The American taxpayer is being bled to death through taxes to pay rich people to develop and operate uneconomical power generation facilities, increased prices of foods and goods due to taxation of the companies from whom he/she obtains the foods and goods, increased costs of building materials resulting from the proliferation of windfarms that use massive quantities of building materials per MWh generated, loss of employment due to manufacturing businesses closing down or leaving the US to go overseas where they pay lower taxes and lower wages, and now this integration of renewables will raise the taxpayer's cost of living still higher.

In short, our own governments (federal and state levels) are participating in the destruction of America by squeezing the taxpayer (be they individuals or businesses not involved in green energy) to the point he has nothing left.  You are damn right I am mad.

Mark Wooldridge

Love the anger


While you'd like to blame "the government" for your taxes, which are some of the lowest in the industrialized world, your fellow citizens have required the utilities in most cases to reach renewable portfolio standards. So before you place blame on the faceless "government," remember, it represents your neighbors who demanded these policies.

I could mention the massive subsidies for fossil fuel production by the most profitable companies on the face of the earth -- so if you believe in the free market, where's the anger there? Your tax rate is largely determined because people and corporations with the time and money to lobby Congress (read: buy influence) have stacked the deck against you. The subsidies for integrating renewables is a drop in the bucket, but one that can take us to cleaner energy, fewer deaths by cardio-pulmonary disease and, possibly, freedom from monopolized central power.

We didn't hear your voice when we spent $500 billion to invade a country on false pretenses, resulting in 5,000 American deaths and 100,000 Iraqi deaths. Why the anger on the pittance for clean energy, that at least is going somewhere positive? That's a rhetorical question and I don't sense that your anger stops here.

Regards, Phil Carson

Idealized view of government

I will have to check on the lowest individual taxes in the industrialized world to see where our tax rates fit.  I know that 26% of my gross pay gets taken from me before I ever get my check.  The American corporate income tax rate is now the highest in the world from what I heard on the news the other day--we were second.  Corporations find ways to roll those taxes into prices that we have to pay for goods.  I believe those demanding green energy have been misled by those who promote green energy programs into thinking the energy is really free and cost competitive and that it really decreases CO2 emissions.  Read the Civitas group report on the effects of the UK's heavy investment in wind energy and the report done by C. le Pair in the Netherlands about the results there and you will see those countries have found wind has not decreased CO2 emissions--in fact, le Pair states it has increased CO2 emissions by 3%.  Nor do I believe that manmade CO2 is the principal cause of global warming--no wait that was global cooling originally--okay, global climate change.  I believe it contributes but is not the principal cause just as the waste heat from power generation contributes but is not the prinicpal cause.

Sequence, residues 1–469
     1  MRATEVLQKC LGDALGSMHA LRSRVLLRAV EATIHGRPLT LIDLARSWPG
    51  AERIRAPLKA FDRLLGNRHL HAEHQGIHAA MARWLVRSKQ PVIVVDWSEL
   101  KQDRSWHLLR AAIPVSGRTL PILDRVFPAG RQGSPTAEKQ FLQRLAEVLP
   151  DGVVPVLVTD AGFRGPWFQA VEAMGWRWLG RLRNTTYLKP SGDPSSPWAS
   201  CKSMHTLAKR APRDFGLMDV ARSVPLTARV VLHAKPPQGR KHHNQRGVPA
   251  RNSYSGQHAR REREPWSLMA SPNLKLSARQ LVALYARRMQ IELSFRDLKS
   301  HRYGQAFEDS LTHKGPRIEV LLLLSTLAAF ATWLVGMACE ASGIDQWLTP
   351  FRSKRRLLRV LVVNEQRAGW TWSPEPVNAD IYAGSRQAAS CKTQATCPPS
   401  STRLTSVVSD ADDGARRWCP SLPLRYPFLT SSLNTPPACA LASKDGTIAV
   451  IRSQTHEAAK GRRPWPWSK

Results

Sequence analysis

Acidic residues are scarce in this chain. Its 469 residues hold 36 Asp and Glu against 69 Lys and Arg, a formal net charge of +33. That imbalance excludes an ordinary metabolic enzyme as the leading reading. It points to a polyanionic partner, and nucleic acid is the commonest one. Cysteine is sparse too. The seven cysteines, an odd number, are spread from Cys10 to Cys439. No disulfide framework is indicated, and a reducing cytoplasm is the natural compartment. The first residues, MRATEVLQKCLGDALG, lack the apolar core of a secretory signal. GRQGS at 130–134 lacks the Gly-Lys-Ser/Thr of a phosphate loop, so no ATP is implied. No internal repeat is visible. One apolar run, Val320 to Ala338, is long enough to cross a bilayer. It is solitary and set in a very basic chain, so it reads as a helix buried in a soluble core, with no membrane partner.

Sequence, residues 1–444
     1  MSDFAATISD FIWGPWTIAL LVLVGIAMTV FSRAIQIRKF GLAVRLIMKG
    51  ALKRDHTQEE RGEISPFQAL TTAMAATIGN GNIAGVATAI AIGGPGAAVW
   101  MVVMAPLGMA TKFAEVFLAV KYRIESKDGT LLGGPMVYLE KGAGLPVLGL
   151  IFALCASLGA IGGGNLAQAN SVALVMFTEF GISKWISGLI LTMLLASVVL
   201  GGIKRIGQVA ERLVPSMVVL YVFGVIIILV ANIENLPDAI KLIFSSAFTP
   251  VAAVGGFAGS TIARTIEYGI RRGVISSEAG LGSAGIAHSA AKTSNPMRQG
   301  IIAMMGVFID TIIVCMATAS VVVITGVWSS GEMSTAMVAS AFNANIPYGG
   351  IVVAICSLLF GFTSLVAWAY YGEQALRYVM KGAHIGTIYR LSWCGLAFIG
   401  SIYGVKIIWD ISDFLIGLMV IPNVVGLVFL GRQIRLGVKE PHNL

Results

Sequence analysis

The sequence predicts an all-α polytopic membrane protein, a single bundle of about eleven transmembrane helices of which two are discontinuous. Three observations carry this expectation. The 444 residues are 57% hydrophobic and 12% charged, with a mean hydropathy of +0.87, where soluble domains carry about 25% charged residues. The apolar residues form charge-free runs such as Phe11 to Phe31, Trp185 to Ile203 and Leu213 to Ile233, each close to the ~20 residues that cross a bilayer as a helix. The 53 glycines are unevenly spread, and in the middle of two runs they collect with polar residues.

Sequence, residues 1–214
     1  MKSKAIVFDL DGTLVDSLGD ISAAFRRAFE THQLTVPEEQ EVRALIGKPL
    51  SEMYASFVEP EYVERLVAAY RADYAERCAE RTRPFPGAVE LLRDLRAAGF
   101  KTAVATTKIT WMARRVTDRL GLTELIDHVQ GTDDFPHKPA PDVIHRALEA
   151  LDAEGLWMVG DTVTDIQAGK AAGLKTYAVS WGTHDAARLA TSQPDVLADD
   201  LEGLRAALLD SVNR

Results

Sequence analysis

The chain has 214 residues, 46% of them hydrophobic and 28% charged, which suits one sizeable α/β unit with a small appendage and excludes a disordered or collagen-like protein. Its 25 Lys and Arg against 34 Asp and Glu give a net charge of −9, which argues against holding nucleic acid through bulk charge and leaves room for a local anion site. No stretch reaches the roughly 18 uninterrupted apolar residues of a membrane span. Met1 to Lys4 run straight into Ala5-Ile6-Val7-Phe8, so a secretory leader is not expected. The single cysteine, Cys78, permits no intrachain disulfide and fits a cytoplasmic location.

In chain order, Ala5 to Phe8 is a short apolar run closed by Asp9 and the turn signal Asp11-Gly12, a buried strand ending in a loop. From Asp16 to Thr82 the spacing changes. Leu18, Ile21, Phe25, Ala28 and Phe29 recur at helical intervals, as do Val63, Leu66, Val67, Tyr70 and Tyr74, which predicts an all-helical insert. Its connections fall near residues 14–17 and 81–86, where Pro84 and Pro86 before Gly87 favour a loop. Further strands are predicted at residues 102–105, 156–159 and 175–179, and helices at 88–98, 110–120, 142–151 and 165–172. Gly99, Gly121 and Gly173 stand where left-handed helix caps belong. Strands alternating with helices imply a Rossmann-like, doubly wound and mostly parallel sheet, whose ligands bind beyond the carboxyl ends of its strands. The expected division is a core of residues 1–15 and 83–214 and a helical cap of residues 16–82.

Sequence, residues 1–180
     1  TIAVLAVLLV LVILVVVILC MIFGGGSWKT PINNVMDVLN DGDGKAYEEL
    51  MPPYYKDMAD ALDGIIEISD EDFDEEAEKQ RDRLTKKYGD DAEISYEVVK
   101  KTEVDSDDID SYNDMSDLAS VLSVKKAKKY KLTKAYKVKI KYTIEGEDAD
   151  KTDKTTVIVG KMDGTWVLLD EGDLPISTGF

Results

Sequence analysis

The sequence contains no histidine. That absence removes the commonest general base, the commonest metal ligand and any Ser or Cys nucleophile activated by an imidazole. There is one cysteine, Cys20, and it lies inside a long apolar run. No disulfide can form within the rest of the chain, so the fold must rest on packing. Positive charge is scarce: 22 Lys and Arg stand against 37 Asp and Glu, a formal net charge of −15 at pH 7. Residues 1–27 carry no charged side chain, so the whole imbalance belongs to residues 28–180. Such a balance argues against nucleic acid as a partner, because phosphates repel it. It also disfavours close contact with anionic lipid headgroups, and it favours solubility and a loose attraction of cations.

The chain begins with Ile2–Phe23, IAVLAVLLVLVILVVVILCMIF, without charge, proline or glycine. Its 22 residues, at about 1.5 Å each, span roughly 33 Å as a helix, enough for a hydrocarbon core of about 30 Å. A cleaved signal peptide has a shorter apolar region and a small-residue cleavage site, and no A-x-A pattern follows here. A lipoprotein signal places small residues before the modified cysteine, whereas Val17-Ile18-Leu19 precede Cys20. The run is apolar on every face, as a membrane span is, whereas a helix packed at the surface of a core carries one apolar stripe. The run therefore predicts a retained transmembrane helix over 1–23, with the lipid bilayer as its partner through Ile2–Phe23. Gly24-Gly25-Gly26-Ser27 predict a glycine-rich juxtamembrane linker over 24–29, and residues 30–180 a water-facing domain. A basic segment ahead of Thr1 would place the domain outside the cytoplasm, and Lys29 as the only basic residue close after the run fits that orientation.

If green energy was competitive, it would not require PTCs, cash grants, or RPSs to be implemented.  In ERCOT, generation is strictly market-based--all competitive.  At night, wholesale power prices routinely drop to under $30 per MWh--3 cents per KWh.  Not only does wind energy get the 3 cents but they get 2.2 cents from the feds as a PTC.   Wind is highly variable--when a front is moving in, the wind might blow strong enough for the windfarms to produce significant power around the clock.  If a stationary cell settles in, there may be no significant wind generation for a couple of days.  Normally, wind is available from midnight to 0800.  The result of this uncertainty, no one wants to build new thermal generation because they cannot project what their return will be and now, ERCOT is short of their reserve margin target in the warm months.  In addition, ERCOT consumers are now on the hook for some $7 billion to pay for a transmission line (that was supposed to be $4.3 billion) just to bring wind energy from the west to load centers.